Virus Profile: W32/Sasser.worm.g

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Virus Profile information details
Risk Assessment: Home Low | Corporate Low
Date Discovered: 8/24/2004
Date Added: 8/24/2004
Origin: Unknown
Length: 58,800 bytes
Type: Virus
Subtype: Internet Worm
DAT Required: 4388
Removal Instructions


This is a virus detection. Viruses are programs that self-replicate recursively, meaning that infected systems spread the virus to other systems, which then propagate the virus further. While many viruses contain a destructive payload, it's quite common for viruses to do nothing more than spread from one system to another.

Indication of Infection

Presense of the file avserve3.exe and registry key:

    CurrentVersion\Run "avserve3.exe" = C:\WINDOWS\avserve3.exe

Methods of Infection

This worm spreads by exploiting a recent Microsoft vulnerability, spreading from machine to machine with no user intervention required.

The propagation mechanism is akin to that for previous variants:

  • the worm scans random IP addresses for exploitable systems. When one is found, the worm exploits the vulnerable system, by overflowing a buffer in LSASS.EXE.
  • It creates a remote shell on TCP port 9996.
  • Next it creates an FTP script named cmd.ftp on the remote host and executes it. Via the FTP script, the FTP.EXE application is used to retrieve the worm from the infected machine (port 9996) to the remote host. The worm is then executed.
  • the FTP script instructs the target victim to download and execute the worm (with the filename #_up.exe as mentioned above) from the infected host.
  • The infected host accepts this FTP traffic on TCP port 9996.

The worm spawns multiple threads, some of which scan the local class A subnet, others the class B subnet, and others completely random subnets. The worm scans public ranges like and only if they are part of the local subnet. The destination port is TCP 445.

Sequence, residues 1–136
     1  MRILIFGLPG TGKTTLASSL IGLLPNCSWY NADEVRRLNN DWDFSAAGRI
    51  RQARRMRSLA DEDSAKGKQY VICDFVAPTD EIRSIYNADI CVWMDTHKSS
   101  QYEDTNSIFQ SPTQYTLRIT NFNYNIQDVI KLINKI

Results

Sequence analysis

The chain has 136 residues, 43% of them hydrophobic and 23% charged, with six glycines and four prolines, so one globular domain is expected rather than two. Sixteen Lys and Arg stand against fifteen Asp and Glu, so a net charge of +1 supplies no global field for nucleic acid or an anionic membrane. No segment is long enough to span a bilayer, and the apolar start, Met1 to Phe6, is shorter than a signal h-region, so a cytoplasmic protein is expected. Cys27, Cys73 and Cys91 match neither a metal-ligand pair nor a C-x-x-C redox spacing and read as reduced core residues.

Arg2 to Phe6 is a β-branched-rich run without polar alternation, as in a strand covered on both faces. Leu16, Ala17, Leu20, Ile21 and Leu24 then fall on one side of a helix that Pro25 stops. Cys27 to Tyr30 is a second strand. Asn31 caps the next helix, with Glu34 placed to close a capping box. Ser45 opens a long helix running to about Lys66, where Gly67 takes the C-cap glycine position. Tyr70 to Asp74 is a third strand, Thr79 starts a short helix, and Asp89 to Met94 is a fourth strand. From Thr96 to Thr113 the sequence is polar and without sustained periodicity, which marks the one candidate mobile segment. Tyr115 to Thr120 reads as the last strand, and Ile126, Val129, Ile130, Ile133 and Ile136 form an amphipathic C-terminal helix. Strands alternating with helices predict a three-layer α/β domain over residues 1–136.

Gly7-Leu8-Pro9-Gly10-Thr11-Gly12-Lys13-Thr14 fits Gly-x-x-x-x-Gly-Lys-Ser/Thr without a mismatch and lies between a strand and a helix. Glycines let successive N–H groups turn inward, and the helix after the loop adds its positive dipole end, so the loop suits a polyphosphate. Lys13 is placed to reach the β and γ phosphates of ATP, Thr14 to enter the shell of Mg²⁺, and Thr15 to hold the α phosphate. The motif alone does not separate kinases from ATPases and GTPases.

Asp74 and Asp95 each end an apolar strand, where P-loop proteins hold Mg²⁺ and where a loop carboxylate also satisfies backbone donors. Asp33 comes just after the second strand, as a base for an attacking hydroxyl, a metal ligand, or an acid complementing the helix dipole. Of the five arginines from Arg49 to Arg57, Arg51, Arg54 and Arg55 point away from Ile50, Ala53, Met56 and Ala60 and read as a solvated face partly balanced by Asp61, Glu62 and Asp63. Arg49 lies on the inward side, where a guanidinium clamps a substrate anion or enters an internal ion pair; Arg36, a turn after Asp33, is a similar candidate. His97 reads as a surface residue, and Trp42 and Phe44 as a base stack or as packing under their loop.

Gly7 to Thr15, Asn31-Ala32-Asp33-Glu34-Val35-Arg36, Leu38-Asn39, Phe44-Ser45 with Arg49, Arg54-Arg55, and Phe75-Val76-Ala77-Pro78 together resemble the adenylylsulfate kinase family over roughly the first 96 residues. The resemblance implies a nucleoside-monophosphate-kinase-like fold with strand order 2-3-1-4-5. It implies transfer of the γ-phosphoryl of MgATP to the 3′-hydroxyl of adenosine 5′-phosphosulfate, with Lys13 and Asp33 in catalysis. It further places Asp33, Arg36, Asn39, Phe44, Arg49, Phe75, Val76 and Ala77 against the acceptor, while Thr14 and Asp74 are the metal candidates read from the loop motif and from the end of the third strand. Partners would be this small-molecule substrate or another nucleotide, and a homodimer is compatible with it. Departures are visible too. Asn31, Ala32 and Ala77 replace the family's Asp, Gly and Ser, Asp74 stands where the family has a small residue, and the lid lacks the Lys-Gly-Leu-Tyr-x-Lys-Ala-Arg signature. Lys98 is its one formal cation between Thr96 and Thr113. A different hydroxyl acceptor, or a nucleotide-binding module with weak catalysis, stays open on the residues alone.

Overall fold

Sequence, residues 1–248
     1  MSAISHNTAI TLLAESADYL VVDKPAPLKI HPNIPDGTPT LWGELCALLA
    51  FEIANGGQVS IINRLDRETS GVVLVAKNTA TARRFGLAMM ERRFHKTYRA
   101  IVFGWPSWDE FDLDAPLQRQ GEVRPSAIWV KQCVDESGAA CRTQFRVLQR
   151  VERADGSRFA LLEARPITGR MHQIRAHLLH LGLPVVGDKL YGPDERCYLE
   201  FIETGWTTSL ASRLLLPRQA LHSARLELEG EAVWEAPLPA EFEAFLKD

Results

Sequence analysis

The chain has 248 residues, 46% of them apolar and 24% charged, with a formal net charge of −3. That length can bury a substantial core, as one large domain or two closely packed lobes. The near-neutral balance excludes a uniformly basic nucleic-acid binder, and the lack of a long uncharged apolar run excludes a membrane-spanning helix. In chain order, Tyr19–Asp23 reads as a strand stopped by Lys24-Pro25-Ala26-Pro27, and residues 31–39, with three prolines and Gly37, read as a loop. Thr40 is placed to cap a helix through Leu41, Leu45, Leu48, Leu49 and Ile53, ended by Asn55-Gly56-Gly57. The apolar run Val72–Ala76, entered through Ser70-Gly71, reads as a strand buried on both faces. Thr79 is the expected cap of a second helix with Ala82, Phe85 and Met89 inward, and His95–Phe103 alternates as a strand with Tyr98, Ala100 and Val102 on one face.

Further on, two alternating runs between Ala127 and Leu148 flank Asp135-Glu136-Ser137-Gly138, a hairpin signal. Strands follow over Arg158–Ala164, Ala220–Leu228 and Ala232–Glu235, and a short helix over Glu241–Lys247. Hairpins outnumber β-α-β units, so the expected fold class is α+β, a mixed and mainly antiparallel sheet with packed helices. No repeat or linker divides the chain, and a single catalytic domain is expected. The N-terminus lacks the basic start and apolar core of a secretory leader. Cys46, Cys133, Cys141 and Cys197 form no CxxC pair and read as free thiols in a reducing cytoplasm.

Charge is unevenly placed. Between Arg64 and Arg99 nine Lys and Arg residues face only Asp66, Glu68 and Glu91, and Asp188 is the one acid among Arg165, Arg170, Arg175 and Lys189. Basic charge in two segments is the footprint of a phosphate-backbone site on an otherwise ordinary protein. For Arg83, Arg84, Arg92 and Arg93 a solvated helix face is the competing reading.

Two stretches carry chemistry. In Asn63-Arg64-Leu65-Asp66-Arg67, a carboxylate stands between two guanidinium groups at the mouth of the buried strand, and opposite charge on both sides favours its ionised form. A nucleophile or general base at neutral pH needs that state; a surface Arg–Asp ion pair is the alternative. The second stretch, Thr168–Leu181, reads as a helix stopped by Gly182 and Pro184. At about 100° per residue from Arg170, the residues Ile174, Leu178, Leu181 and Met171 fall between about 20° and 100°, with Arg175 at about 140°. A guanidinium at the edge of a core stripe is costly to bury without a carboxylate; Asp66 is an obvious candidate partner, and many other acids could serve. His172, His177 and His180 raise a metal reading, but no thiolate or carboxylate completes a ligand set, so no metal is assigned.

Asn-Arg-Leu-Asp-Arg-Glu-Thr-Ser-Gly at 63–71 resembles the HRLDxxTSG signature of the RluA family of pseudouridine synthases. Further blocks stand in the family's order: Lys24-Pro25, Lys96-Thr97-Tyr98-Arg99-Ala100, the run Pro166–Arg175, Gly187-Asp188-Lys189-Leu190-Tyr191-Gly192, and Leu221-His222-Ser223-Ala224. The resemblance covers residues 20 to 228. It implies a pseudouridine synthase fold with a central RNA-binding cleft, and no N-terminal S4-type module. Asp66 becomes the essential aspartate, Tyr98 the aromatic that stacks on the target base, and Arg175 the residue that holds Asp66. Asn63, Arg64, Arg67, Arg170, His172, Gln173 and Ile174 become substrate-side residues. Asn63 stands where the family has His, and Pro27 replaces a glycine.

Sasser.G (F-Secure), W32.Sasser.G (Symantec), Worm.Win32.Sasser.g (AVP)

Virus Characteristics

This Sasser variant functions similarly to previous variants, such as W32/Sasser.worm.f , with the following differences:

  • This variant drops the W32/Netsky.AC@MM worm into the WINDOWS directory as skynet.cpl and executes it
  • It copies itself to the WINDOWS directory as avserve3.exe and creates the following registry run key:
    • HKEY_LOCAL_MACHINE\SOFTWARE\Microsoft\Windows\
      CurrentVersion\Run "avserve3.exe" = C:\WINDOWS\avserve3.exe

All Users:
Use current engine and DAT files for detection and removal.

Modifications made to the system Registry and/or INI files for the purposes of hooking system startup, will be successfully removed if cleaning with the recommended engine and DAT combination (or higher).

But in some particular cases, the following steps need to be taken.

Please go to the Microsoft Recovery Console and restore a clean MBR.

On Windows XP:

  • Insert the Windows XP CD into the CD-ROM drive and restart the computer.
  • When the "Welcome to Setup" screen appears, press R to start the Recovery Console.
  • Select the Windows installation that is compromised and provide the administrator password.
  • Issue 'fixmbr' command to restore the Master Boot Record
  • Follow onscreen instructions.
  • Reset and remove the CD from CD-ROM drive.

On Windows Vista and 7:

  • Insert the Windows CD into the CD-ROM drive and restart the computer.
  • Click on "Repair Your Computer".
  • When the System Recovery Options dialog comes up, choose the Command Prompt.
  • Issue 'bootrec /fixmbr' command to restore the Master Boot Record.
  • Follow onscreen instructions.
  • Reset and remove the CD from CD-ROM drive.

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